We are entering the “season of giving.”  Statements like “It is better to give than to receive” abound. Holiday traditions warm our hearts.

While working out this morning – trying to prepare for that “extra” gift this season can bring- I read an article by Suzie Orman (Success December issue). While her advice focused on giving and spending money during this season, I was struck by how it applies to nonprofit executive directors and board members. See what you think.

Suzie says we tend to confuse giving and true generosity. In her view, and I agree with her, generosity exists “only if the act is kind to the recipient and the giver – meaning the gift doesn’t deplete the giver’s resources . . .” In my experience, nonprofit leaders give, and give, and give – of themselves and their personal resources-be that time, treasure, talent etc. Is this you? Or, do you meet Suzie’s criteria for true generosity?

There is too much overwhelm and burnout in our sector – too much giving that depletes the givers’ resources. So – what can be done about it? Adapting Suzie’s advice, here are three pointers that may help:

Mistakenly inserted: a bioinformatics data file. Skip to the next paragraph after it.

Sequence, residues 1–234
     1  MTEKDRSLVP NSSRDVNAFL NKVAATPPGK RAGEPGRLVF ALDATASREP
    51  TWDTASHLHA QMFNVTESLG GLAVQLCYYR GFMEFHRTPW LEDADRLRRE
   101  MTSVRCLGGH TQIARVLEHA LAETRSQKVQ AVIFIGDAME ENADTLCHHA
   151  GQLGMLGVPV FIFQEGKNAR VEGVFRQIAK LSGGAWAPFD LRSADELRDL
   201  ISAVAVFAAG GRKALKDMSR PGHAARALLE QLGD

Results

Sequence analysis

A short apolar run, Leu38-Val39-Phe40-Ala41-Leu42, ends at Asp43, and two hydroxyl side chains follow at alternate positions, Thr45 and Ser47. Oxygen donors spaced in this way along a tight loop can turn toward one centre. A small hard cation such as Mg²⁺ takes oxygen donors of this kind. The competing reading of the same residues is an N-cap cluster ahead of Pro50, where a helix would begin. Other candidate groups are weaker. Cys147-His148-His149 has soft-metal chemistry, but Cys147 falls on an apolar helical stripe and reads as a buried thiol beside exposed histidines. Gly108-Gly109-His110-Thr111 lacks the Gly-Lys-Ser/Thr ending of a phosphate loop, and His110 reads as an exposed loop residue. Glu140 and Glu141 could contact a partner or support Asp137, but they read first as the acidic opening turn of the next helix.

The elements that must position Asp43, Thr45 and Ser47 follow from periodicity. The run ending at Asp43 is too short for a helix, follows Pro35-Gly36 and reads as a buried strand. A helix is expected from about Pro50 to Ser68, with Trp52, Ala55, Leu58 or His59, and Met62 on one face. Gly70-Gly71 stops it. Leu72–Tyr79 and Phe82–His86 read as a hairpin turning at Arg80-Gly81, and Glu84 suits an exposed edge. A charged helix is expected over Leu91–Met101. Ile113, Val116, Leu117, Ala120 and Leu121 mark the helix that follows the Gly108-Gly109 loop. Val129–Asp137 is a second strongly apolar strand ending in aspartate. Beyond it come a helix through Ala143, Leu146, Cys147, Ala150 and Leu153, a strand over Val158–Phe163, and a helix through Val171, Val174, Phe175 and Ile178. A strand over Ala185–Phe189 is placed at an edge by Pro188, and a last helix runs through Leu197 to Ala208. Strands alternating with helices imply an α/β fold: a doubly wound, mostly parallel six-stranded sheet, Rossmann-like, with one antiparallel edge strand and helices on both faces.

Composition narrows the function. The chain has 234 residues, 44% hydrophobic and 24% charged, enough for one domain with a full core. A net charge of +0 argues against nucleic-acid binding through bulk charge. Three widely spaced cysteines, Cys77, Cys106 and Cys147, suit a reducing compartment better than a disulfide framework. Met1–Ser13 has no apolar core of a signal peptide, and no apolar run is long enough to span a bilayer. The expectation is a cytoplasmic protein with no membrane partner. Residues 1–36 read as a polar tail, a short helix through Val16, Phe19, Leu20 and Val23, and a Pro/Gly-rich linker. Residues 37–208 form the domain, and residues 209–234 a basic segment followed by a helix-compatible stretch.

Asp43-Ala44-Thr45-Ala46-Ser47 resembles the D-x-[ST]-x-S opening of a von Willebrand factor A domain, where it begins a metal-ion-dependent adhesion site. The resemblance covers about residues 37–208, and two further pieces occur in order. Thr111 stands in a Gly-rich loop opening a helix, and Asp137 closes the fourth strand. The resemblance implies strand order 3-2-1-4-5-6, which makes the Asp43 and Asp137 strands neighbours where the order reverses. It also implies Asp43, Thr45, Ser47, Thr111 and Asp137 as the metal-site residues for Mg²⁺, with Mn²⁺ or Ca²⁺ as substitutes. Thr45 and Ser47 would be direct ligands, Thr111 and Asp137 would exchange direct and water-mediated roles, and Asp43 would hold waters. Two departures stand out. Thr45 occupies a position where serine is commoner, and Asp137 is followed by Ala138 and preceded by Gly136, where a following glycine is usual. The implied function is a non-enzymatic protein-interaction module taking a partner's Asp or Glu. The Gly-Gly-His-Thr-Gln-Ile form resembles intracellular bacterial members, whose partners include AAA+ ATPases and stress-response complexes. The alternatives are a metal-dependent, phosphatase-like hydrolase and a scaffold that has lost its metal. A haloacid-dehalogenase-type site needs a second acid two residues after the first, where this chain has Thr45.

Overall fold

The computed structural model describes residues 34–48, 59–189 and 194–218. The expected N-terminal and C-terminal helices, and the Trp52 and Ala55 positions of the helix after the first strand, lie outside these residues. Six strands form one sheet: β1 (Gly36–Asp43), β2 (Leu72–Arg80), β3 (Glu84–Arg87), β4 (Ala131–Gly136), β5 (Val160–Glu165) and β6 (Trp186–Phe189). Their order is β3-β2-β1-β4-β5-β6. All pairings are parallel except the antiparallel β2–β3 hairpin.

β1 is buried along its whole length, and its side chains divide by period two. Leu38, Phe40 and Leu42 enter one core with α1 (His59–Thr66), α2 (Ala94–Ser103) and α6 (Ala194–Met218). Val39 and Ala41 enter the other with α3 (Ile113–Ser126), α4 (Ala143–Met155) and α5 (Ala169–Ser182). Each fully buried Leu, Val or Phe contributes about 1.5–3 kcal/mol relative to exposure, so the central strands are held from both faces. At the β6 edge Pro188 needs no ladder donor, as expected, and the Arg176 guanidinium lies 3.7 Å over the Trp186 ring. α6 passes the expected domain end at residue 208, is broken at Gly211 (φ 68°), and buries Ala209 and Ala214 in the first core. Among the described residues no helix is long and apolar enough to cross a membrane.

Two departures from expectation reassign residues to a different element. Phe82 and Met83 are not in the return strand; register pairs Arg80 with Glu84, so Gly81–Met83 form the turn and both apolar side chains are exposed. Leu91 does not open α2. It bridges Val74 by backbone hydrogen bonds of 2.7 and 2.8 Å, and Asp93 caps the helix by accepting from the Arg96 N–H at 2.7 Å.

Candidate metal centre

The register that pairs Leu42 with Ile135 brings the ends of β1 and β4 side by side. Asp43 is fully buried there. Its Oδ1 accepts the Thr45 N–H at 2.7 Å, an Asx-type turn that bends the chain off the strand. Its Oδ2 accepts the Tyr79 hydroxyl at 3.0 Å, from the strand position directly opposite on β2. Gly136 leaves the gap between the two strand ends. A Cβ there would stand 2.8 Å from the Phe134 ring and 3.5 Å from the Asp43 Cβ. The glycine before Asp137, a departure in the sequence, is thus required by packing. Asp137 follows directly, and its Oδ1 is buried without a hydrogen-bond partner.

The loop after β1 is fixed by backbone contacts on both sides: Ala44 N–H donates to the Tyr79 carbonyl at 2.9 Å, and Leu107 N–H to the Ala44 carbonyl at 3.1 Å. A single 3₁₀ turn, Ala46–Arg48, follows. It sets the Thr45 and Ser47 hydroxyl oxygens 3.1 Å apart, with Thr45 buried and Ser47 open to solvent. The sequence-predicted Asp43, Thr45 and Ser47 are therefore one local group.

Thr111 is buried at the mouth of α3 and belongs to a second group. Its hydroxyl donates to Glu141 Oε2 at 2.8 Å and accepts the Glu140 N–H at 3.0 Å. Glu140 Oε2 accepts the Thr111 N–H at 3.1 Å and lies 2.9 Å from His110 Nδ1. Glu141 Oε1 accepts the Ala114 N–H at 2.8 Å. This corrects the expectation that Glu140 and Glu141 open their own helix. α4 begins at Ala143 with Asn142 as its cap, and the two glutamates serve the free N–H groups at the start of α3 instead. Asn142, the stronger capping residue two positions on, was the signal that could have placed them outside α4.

1. Determine the right amount to give based on your own needs. This assumes, of course, that you have spent time reflecting on what your needs are! I encourage you to do that and begin to define the limits around how and what you can give to your nonprofit work.
  1. Have and protect your reserves. This is relevant to you personally and the nonprofit you serve. We all know the importance of emergency funds, but focus on your personal reserves (time, talent, treasure, energy . . .) too. Your sustainability matters to both those you serve and those who love you. Ensuring you have “reserves” to get through turbulent times and remain resilient is an important act of generosity.
  1. Create a lasting legacy. Are you modeling sustainability and resilience for future nonprofit leaders? Are you moving forward with energy, inspiring others? Or are you fizzling out?

I’d like to know what you think of these pointers. What do you do to keep up your reserves and avoid “depletion” of that most important asset – you!